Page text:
Fred Astaire - The Early Years At RKO
Known primarily for the lightning precision with which he navigated each and every dance step, Fred Astaire (1899-1987) applied the same pursuit of perfection to his vocal tracks for each of the films he made during his storied stage and cinematic career. Sony Entertainment has now released a two-disc compilation of Astaire’s most noted vocal performances, and it’s easy to sit back with a pair of headphones and be transported back to the Golden Days of Hollywood, with the ultra-suave song and dance man smoothly gliding us through many of the hits of the 1930s.
The writers of these classics were a who’s who of hitmakers from the era: Jerome Kern, Cole Porter, Irving Berlin, George Gershwin. They frequently wrote for Astaire, as they knew his performances would contain the passion and integrity their melodies craved.
"The Early Years of RKO" begins with two tracks from "Flying Down to Rio," the first film to feature Astaire with Ginger Rogers, who together would redefine the musical theater dance world. The orchestral performances on these recordings are superb. Whether under the band leadership of Ray Noble, Leo Reisman, or Johnny Green, the instrumental tracks throughout the more than thirty songs are equally up to the task of melding with Astaire’s vocal to create a musical ambience that would ultimately peak in a dance feature.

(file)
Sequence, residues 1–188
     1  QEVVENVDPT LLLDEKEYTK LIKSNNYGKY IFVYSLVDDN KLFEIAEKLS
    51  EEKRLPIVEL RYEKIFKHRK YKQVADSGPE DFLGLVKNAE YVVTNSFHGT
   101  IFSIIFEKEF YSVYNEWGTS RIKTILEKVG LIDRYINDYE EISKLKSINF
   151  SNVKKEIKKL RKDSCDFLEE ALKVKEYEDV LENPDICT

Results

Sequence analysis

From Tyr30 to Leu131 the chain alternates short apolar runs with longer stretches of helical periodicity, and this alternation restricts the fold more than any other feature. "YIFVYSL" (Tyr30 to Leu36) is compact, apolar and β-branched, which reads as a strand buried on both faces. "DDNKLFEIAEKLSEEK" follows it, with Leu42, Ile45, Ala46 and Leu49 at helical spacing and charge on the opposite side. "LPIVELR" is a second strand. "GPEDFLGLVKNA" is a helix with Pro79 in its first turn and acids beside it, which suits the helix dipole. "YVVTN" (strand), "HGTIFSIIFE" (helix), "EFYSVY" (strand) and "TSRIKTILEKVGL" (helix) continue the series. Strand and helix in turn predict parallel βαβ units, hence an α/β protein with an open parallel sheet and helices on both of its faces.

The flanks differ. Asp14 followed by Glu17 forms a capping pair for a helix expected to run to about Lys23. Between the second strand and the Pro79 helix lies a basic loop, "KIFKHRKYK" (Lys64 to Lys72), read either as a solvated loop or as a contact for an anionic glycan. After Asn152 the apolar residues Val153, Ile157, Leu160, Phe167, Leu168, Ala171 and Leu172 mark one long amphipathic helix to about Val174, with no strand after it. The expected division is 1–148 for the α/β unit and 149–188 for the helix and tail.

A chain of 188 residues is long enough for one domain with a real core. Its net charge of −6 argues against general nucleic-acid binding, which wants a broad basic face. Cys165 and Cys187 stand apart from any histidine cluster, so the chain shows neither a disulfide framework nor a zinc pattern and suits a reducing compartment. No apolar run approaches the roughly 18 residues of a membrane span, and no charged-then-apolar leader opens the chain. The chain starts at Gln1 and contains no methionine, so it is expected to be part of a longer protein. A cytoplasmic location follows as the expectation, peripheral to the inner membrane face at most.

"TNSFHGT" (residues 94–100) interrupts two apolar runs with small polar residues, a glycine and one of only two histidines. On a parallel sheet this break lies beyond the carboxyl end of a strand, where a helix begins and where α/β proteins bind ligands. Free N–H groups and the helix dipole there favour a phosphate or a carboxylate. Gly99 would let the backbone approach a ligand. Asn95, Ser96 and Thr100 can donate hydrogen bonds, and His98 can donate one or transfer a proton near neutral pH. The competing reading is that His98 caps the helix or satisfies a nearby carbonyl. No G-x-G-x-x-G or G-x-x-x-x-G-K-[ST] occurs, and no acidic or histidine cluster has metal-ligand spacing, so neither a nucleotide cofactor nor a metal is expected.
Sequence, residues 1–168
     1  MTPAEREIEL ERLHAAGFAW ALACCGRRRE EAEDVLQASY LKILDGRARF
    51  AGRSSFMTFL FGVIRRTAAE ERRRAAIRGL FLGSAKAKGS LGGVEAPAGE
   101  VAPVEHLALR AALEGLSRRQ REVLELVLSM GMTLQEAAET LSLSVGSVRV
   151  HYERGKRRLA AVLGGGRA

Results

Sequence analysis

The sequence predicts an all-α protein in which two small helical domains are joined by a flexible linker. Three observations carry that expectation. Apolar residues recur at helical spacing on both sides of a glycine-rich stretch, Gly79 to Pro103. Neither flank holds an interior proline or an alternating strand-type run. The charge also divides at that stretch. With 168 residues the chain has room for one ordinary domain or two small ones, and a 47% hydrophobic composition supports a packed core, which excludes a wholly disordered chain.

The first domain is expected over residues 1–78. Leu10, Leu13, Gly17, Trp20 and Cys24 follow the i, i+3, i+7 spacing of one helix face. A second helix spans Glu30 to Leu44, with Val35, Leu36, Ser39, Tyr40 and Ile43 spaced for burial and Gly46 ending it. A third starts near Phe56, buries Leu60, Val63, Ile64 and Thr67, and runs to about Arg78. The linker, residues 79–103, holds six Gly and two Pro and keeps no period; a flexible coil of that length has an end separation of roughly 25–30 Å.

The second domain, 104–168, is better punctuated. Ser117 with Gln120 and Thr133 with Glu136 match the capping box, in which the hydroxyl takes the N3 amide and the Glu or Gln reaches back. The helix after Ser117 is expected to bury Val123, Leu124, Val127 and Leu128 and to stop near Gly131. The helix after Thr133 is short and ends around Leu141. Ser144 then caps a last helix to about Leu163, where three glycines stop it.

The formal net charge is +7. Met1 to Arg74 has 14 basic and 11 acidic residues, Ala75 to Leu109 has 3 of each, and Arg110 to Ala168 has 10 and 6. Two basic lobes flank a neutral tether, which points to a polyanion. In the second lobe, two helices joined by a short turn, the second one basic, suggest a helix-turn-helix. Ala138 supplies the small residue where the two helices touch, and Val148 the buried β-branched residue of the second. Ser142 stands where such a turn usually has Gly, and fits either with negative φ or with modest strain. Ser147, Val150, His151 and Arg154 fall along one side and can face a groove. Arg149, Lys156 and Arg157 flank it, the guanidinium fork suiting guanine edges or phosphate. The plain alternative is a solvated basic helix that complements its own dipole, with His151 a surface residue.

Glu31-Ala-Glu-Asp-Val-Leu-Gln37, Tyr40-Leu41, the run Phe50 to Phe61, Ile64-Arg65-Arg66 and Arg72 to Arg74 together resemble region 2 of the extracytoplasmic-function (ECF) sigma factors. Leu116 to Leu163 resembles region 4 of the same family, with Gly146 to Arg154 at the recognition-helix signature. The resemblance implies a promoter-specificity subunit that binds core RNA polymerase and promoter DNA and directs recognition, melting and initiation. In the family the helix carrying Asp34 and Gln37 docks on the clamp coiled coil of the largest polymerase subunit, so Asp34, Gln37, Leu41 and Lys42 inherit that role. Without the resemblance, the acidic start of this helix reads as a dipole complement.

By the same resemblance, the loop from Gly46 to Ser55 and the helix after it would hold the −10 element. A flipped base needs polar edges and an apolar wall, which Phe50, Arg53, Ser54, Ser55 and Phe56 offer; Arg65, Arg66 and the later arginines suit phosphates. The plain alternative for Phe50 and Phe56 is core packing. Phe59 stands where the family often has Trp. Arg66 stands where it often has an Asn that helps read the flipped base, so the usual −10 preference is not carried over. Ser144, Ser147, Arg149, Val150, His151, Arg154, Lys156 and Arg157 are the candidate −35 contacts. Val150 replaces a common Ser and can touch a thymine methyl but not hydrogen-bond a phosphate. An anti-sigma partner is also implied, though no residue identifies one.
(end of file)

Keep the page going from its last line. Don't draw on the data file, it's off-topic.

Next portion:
Many of the songs associated with Astaire are here: Irving Berlin’s "Cheek to Cheek," "No Strings" and "The Piccolino;" Kern’s "Pick Yourself Up" and "A Fine Romance;" Porter’s "Night and Day;" Gershwin’s "They Can’t Take That Away From Me" and "Nice Work If You Can Get It." The release also contains six Bonus Tracks, including two vocals from Rogers ("The Yam" and "I Used To Be Color Blind") and an Alternate Take of "A Fine Romance," recorded at a faster tempo then eventually preferred by Jerome Kern.
Great music for dinner parties, or for just relaxing in the daytime, "The Early Years of RKO" is the perfect accompaniment.
"The Early Years at RKO"
CD, DVD and Digital formats
Sony Music Entertainment
by Fred Astaire